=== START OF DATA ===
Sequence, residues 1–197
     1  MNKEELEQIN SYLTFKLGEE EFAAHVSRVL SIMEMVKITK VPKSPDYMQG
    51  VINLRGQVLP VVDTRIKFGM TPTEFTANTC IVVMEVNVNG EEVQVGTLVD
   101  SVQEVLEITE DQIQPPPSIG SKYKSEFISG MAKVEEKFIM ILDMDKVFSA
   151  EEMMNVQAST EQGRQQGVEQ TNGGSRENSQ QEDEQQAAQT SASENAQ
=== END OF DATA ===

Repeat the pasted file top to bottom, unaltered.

Sequence, residues 1–197
     1  MNKEELEQIN SYLTFKLGEE EFAAHVSRVL SIMEMVKITK VPKSPDYMQG
    51  VINLRGQVLP VVDTRIKFGM TPTEFTANTC IVVMEVNVNG EEVQVGTLVD
   101  SVQEVLEITE DQIQPPPSIG SKYKSEFISG MAKVEEKFIM ILDMDKVFSA
   151  EEMMNVQAST EQGRQQGVEQ TNGGSRENSQ QEDEQQAAQT SASENAQ